All Points Between

Beyond advocacy to “holistic” journalism

| March-April 2011

  • Eric-Utne

    2009 © Chris Lyons /

  • Eric-Utne

The image of Americans that is reflected back to us by our political and media process is false. . . . We hear every damn day about how fragile our country is—on the brink of catastrophe, torn by polarizing hate—and how it’s a shame that we can’t work together to get things done, but the truth is we do.  

We work together to get things done every damn day. . . . We know instinctively as a people that if we are to get through the darkness and back into the light we have to work together. And the truth is, there will always be darkness. And sometimes the light at the end of the tunnel isn’t the Promised Land. Sometimes it’s just New Jersey. But we do it anyway, together. 

    —The Daily Show’s Jon Stewart, the Rally to Restore Sanity and/or Fear, October 30, 2010 


When I started Utne Reader in 1984, I trumpeted the alternative press as a hotbed of “passionate, quirky, and opinionated” journalism. The magazines and newsletters we covered and excerpted were produced by writers and editors who didn’t pretend to be objective, but were instead willing to honestly voice their biases up front and out loud.

The best of America’s independent media during that era resembled the day’s British newspapers, which were notoriously subjective not just on the opinion pages but also on the front page, where news broke and developed. Readers of the London Times or the Guardian or the Evening Standard knew which of their papers was liberal and which was conservative, which favored the Labour Party or the Tories. Those interested in all sides of the story (or a more objective take) developed strategies to mix, match, and filter the papers’ prejudices.

James L. (Jim) Moore
3/5/2011 11:56:24 PM

... integrative thinking, and earnest efforts toward building consensus. Since you and the publication you founded are dismissing such challenges, I'm requesting cancellation of my long-enjoyed subscription. James L. (Jim) Moore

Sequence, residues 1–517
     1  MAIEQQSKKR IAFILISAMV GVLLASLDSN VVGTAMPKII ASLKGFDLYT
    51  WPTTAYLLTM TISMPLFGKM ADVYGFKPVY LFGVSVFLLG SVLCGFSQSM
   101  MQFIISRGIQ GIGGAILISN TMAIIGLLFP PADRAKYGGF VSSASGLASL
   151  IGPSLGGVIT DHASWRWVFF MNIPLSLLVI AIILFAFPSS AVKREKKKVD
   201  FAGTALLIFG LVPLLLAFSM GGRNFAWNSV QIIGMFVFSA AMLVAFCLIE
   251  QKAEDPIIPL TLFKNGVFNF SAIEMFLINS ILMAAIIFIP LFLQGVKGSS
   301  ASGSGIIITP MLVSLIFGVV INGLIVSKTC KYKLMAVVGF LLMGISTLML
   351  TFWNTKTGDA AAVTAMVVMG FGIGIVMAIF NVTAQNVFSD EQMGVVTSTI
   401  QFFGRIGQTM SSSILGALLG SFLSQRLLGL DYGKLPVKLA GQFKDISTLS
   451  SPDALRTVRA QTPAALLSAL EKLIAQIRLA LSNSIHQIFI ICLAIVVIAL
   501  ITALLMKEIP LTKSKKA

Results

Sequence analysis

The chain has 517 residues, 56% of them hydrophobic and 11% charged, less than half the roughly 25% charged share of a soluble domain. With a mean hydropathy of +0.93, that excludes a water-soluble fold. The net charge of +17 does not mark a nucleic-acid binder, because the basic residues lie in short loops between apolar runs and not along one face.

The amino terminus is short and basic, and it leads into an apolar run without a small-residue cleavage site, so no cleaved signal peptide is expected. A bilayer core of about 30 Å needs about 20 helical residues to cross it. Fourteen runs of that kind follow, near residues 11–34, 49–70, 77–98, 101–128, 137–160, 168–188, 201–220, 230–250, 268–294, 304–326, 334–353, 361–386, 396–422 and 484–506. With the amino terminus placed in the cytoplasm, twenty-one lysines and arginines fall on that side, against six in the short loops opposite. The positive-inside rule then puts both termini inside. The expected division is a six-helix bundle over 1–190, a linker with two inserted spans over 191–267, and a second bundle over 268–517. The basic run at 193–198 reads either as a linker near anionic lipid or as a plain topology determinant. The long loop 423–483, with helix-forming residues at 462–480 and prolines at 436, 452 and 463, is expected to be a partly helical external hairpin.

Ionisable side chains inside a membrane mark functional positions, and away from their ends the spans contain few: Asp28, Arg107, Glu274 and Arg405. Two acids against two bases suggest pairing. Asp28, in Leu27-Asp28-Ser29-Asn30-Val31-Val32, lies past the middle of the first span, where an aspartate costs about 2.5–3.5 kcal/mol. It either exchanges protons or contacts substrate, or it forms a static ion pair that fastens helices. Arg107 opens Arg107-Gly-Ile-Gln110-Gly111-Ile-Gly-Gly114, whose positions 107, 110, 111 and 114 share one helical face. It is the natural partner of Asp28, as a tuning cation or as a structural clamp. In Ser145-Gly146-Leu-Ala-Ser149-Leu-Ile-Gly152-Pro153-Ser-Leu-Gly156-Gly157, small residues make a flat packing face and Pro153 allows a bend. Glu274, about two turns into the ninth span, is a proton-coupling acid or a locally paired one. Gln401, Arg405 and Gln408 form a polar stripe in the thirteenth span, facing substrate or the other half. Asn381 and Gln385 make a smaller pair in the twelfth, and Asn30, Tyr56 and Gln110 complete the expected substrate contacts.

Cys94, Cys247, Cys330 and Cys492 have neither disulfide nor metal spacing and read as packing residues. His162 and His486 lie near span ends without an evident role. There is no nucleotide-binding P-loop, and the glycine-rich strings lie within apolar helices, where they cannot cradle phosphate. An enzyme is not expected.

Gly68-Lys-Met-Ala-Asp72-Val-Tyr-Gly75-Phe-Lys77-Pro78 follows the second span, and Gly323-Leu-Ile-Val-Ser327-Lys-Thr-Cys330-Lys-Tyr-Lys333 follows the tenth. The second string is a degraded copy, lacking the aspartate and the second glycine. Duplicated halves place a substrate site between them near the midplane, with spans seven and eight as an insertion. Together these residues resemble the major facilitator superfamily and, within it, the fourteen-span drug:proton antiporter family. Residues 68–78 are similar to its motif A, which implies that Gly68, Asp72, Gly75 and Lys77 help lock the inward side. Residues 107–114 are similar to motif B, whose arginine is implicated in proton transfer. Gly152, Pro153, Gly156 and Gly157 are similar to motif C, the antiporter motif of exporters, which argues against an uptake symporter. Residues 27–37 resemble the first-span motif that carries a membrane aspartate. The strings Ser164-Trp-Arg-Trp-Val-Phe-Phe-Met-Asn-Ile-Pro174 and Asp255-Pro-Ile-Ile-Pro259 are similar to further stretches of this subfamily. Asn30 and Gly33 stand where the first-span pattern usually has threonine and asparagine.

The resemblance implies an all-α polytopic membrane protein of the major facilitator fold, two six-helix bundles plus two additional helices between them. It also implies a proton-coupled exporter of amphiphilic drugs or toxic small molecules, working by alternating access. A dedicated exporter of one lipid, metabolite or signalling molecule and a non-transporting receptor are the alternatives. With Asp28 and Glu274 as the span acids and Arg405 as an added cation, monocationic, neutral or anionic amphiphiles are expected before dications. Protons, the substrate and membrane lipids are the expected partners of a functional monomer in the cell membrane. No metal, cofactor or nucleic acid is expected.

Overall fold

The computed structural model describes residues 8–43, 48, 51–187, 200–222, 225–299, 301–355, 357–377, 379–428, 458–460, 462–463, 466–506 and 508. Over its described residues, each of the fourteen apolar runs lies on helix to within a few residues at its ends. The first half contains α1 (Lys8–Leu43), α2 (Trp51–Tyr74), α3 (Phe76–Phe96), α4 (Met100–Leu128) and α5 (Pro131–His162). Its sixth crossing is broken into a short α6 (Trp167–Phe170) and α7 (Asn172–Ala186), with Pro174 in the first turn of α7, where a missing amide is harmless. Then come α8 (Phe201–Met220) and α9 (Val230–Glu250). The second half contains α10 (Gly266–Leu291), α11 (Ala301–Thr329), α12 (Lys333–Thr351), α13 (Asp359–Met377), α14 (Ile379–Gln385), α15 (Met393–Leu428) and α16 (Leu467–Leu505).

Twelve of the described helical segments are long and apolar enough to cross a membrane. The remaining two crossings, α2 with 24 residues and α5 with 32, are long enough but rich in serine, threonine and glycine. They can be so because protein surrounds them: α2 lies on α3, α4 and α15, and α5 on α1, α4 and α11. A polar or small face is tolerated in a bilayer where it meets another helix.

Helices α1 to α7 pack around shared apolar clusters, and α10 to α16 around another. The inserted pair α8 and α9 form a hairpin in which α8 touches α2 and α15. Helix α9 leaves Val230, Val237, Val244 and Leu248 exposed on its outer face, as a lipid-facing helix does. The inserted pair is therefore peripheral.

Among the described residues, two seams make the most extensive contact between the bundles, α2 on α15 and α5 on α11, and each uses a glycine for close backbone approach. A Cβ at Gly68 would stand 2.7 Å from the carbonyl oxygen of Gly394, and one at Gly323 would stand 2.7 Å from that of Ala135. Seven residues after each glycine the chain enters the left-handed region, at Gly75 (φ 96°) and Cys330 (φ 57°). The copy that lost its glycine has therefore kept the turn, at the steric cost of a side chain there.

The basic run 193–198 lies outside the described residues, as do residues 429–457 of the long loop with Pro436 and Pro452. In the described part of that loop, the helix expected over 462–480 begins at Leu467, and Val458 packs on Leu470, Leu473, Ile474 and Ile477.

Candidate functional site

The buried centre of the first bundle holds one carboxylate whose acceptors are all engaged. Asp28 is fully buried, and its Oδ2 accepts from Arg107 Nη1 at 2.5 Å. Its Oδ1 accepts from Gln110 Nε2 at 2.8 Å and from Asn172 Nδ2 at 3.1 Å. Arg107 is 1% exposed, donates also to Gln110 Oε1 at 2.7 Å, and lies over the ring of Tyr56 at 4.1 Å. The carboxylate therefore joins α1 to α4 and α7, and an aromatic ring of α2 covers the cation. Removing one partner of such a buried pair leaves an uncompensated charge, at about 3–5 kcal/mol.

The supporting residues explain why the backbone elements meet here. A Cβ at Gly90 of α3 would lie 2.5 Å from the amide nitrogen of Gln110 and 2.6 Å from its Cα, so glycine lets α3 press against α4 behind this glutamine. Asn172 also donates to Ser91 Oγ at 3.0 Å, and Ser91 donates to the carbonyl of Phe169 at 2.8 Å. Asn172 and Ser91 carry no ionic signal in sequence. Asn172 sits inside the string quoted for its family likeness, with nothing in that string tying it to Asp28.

James L. (Jim) Moore
3/5/2011 11:47:27 PM

Dear Eric Utne -- You did a good thing when you brought Utne Reader to life. You served a critical need then, in opening public awareness to the innovative thinking emanating from regional, special interest, and small-circulation publications. Your advocacy of intelligence and independent thinking was refreshing and stimulating. And then you failed us when you literally sold out. You now write, "A central tenet of this new philosophy is rising above the political fray to survey the totality of the situation -- to see the big picture." I could not agree more enthusiastically. But a few paragraphs later, you add: "This sort of reporting doesn't take special skills or an esoteric sensibility," and recent issues of the magazine are clear evidence of your belief. The "facts" are not the big picture; nor are aggregations of diverse opinions and interpretations. All the statistics and all the impressions and expressions -- even if you could, in fairness, assemble them all -- would not, could not, represent a big picture. A bigger picture moves beyond the temporal details, to point out patterns and trends, ideas and opportunities. What is critically needed now is not a reinforcement of the disparities and conflicts that leave us fearful and hopeless, but creative and integrative means of resolution. I believe that there is nothing more important to "this sort of reporting" than the "special skills" and "esoteric sensibility" of intelligent insight and discernment, integr

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